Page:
Inflationary pressures start to reaccelerate

Inflation dominated the headlines this week as recent reports show a resumption of inflationary pressures. The Consumer Price Index (CPI) surprised to the upside at 3.7% on a year-over-year (YoY) basis, its second consecutive increase. While rising gas prices were partially responsible for the CPI’s jump, other measures indicate that inflation is rebounding across a broad range of industries.

Perhaps the most concerning inflationary development is the surge in the Median Consumer Price Index. The Median CPI is a useful tool for gauging the broadness of underlying pricing pressures, as it is not skewed by heavily weighted items or outliers. While this indicator has declined rapidly over the past year, it suddenly rebounded last month. If this measure remains at its current level, it will confirm that this inflationary episode is far from over.

The Producer Price Index (PPI) for Final Demand also surprised to the upside in its latest report. The PPI is a measure of wholesale inflation and tracks many key input costs for businesses. After nearly falling into negative territory on a year-over-year basis, the PPI has moved higher for the past two months. This rebound has been driven by surging goods prices and helped by services inflation stabilizing above 2%. Rising input costs will likely impact future earnings, as corporations have become less able to pass on cost increases to their customers.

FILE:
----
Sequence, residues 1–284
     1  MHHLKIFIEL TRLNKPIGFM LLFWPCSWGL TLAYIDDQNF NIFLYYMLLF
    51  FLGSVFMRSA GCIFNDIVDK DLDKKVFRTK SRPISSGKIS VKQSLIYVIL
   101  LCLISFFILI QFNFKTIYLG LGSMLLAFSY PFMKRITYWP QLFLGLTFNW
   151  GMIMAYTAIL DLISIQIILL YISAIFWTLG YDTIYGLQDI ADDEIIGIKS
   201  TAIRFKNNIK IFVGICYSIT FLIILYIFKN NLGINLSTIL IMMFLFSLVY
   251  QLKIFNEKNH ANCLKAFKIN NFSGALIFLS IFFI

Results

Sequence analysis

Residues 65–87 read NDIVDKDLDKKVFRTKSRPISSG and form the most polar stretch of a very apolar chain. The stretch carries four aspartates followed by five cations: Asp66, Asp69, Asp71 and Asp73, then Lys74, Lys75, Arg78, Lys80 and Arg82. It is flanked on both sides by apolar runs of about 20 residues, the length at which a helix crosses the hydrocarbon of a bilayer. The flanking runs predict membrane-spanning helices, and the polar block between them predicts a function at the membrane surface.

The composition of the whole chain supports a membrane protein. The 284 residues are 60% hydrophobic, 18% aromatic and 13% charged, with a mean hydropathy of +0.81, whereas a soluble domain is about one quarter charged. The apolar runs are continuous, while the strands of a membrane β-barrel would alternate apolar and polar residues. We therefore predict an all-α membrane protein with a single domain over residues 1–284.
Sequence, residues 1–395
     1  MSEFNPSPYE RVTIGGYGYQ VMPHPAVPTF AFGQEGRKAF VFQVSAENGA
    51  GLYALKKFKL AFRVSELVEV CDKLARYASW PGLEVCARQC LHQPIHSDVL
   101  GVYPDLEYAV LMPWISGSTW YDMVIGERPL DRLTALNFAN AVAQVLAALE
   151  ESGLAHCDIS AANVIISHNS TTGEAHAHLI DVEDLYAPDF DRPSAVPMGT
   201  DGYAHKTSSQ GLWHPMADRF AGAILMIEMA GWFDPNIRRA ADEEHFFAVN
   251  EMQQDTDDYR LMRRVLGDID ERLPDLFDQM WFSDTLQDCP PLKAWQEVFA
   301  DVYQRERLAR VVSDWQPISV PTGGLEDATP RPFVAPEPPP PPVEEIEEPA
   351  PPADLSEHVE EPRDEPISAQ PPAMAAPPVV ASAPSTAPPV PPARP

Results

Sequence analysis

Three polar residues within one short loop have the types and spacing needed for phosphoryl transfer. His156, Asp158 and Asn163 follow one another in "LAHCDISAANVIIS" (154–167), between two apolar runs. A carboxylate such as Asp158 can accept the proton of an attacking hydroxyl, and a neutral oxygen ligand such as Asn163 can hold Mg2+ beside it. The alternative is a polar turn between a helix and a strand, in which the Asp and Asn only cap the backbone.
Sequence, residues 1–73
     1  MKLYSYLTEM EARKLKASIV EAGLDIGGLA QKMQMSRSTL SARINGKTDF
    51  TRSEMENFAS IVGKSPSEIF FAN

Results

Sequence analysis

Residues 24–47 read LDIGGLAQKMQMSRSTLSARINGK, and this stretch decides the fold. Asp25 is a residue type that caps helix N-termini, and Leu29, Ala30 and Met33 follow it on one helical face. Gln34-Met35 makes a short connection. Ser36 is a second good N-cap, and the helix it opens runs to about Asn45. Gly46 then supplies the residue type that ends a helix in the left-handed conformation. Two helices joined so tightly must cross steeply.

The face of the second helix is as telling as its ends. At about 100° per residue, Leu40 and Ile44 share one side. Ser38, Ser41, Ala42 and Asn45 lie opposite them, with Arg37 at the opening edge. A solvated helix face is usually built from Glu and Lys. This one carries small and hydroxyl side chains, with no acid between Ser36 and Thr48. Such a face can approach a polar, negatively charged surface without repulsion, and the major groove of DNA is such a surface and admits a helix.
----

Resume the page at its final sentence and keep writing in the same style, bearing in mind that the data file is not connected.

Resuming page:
Price plans of small businesses also remain stubbornly high. As reported by the National Federation of Independent Business (NFIB), a net 30% of small businesses are planning to raise prices over the next three months. This is a historically high reading and suggests that inflationary pressures have not adequately subsided on Main Street. Small business price plans have been a good leading indicator of inflation over the past few years and are worth paying close attention to in the months ahead.

We expected that inflation would come down over the past year, however we also expected that sticky pricing pressures would keep inflation uncomfortably elevated above the Federal Reserve’s 2% target rate. While the CPI has declined from 9% to about 4%, the move from 4% to 2% is proving to be more difficult.

At the July FOMC meeting Chairman Powell indicated that the Fed intended to be data dependent heading into the September meeting (no August meeting).  Since then, inflation data has accelerated for two straight months.  Given this, we think the possibility of further rate hikes this year cannot be ruled out, and the Fed will need to keep interest rates “higher for longer” in their bid to restore price stability.